Illinois had a love affair with Self, because he placed the Illini on the fast track. Self posted a 78-24 record in three seasons, winning two Big Ten titles and stocking the roster with so much talent the Illini won two more Big Ten titles and made their first title game appearance in school history. He was a rock star, whose smooth and engaging personality left everyone feeling the Illini had something special. The heartbreak is still painful.

"People are entitled to think and feel how they want,'' Self said. "That's why they call them opinions. What we did when I was there, even though it was just a brief period of time, I thought we had the entire Illini nation to rally around what we were trying to do. It made it a lot of fun. They had fun following it.

"I don't see it as a huge negative. In this business, you can't make people happy all the time. Timing is very rarely perfect. I hope enough water is under the bridge that people don't feel as strong about that. I'm sure there are people who still feel that way.''

Illinois defeated No. 8 UNLV 73-62 Friday for its first win in the NCAAs since 2006, and it came at the expense of coach Lon Kruger, who ran the Illini program before leaving in 2000 in a move that created the opening filled by Self. But Illini fans never embraced Kruger like they did Self. Despite that run to the NCAA title game, there's not the same feeling for Weber as Self.

"Illinois is a top 10 job,'' Self said. "The job I have is one of the best in the country. We had fun (at Illinois). It's unfortunate because the timing stunk that it kind of ended the way it did.''

No. 9 Illinois (20-13) vs. No. 1 Kansas (33-2)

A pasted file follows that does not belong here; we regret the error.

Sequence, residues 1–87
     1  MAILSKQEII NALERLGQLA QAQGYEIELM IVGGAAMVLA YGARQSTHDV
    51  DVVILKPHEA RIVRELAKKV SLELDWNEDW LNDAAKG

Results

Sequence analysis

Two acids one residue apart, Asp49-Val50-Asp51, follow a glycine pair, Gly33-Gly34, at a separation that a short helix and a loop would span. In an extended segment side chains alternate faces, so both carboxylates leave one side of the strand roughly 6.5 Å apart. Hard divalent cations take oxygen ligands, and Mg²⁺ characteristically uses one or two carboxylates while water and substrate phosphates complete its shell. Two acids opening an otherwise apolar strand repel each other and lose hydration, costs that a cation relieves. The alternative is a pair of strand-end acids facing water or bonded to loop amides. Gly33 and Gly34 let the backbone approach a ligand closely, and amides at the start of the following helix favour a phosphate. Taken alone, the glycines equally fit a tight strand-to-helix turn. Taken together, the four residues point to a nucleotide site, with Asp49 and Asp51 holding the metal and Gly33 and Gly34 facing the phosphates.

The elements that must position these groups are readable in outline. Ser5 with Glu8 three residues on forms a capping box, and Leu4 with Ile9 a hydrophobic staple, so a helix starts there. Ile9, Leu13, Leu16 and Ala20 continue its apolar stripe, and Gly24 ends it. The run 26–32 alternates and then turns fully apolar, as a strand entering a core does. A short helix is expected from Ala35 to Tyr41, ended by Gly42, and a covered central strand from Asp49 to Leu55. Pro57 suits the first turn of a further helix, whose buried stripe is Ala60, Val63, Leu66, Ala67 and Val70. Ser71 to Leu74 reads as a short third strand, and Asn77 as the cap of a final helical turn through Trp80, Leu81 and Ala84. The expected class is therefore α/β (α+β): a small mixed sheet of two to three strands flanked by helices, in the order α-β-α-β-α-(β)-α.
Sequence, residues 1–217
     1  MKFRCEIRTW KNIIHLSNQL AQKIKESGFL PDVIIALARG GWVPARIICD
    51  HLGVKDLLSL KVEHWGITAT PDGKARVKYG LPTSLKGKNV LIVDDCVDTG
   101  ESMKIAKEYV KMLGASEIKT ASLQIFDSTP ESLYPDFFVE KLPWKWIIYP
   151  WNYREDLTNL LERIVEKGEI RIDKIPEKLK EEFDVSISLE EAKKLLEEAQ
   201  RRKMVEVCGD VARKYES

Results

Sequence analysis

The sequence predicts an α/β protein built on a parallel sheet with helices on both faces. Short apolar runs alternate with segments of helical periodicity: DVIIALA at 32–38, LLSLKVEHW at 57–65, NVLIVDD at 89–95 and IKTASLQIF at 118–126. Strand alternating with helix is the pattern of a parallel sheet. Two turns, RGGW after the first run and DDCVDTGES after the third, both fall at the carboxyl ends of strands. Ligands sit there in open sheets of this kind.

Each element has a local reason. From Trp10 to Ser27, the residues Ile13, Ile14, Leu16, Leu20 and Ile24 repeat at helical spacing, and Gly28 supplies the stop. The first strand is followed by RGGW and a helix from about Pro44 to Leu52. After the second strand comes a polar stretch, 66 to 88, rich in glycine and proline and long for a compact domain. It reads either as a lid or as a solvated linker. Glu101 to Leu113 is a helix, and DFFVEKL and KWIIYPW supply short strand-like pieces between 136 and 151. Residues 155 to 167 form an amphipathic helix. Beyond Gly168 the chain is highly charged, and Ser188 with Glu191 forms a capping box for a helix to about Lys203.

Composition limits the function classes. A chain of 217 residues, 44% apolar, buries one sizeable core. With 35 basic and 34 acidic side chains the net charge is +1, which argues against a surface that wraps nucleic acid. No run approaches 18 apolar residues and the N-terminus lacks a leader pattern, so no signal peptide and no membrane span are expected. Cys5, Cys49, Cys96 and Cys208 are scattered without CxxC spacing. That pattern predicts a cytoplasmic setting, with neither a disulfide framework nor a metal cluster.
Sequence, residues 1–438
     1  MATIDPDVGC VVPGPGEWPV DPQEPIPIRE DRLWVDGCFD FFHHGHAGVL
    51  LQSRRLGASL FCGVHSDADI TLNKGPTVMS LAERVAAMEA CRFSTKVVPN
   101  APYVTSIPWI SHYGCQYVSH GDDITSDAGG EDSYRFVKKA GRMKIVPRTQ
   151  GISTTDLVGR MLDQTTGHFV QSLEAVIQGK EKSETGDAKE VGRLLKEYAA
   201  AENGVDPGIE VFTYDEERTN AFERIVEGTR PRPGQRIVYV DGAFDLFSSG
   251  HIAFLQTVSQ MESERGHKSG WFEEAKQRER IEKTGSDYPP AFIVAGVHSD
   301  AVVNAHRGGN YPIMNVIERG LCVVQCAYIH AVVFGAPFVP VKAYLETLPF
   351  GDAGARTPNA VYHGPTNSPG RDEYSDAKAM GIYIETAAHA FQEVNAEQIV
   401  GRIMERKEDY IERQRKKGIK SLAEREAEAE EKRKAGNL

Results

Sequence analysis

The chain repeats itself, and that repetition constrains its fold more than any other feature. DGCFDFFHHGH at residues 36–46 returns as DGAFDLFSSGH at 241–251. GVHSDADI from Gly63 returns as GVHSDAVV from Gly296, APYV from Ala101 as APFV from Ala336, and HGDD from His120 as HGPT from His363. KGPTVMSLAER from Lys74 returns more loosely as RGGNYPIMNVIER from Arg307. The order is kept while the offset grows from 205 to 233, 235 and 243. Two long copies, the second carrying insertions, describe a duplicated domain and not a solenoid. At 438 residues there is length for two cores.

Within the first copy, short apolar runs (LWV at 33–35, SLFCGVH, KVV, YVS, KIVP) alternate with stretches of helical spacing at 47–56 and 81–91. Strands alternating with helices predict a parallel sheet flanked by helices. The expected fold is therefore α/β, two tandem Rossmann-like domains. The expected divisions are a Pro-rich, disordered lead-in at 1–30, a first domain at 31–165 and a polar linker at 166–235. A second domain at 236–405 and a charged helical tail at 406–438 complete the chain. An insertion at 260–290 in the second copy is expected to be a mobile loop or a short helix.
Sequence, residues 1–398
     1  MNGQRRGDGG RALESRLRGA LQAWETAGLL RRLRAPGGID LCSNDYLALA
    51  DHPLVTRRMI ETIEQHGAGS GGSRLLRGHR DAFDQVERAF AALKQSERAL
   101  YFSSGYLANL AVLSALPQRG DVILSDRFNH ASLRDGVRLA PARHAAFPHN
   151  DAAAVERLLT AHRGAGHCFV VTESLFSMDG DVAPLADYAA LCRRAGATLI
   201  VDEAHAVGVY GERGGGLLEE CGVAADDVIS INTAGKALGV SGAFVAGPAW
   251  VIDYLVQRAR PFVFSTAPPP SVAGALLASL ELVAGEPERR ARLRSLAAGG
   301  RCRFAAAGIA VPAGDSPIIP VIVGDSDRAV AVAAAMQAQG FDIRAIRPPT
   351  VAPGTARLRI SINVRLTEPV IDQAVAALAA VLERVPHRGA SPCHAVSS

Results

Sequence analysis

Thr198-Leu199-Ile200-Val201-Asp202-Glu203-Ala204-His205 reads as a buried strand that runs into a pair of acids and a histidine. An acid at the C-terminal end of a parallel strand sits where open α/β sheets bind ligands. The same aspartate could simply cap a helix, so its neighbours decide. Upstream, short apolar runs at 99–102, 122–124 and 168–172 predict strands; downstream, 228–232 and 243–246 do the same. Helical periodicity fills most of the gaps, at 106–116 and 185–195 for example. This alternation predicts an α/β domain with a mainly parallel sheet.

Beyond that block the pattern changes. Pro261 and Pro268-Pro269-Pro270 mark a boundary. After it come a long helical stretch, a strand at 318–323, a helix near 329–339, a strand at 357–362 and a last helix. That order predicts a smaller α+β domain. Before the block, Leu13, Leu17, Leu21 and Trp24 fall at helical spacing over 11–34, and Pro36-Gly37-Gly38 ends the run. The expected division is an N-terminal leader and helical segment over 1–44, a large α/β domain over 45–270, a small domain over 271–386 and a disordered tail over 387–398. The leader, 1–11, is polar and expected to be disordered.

7:40 p.m., BOK Center, Tulsa (TNT)   ILLINOIS (20-13) F Mike Davis Sr. 6-9 12.3 7.2 F Bill Cole Sr. 6-9 4.9 2.5 C Mike Tisdale Sr. 7-1 9.9 6.4 G Brandon Paul So. 6-4 9.2 3.1 G Demetri McCamey Sr. 6-3 14.9 3.4   KANSAS (33-2) F Markieff Morris Jr. 6-10 13.6 8.2 F Marcus Morris Jr. 6-9 17.3 7.3 G Tyshawn Taylor Jr. 6-3 9.2 2.0 G Brady Morningstar Sr. 6-4 7.0 2.3  G Tyrel Reed Sr. 6-3 9.9 3.0   Noteworthy: The Illini haven't won consecutive games since starting the Big Ten season with three wins. . . Illinois leads the series record 3-2, defeating Kansas in the Sweet 16 in 2001 and losing to the Jayhawks in the regional semifinals in 2002. . . The winner advances to Southwest Region semifinals to face No. 12 Richmond in San Antonio Friday in San Antonio. The Spiders defeated No. 13 Morehead State 65-48 Saturday. . . Kansas is a No. 1 seed for the 10th time since seeding began in 1979. . .    Key for Illini: If Richmond doesn't play for the second straight game, the Illini search for production from D.J. Richardson, Crandall Head and Tyler Griffey off the bench.   Key for Jayhawks: The Jayhawks will pound the ball inside to the Morris twins and let them throw their weight around.   Key quote: "When (the funeral bit) came out, it was the only time my wife has been real excited when I answered the phone.'' -- Kansas coach Bill Self.   Prediction: Kansas 78, Illinois 68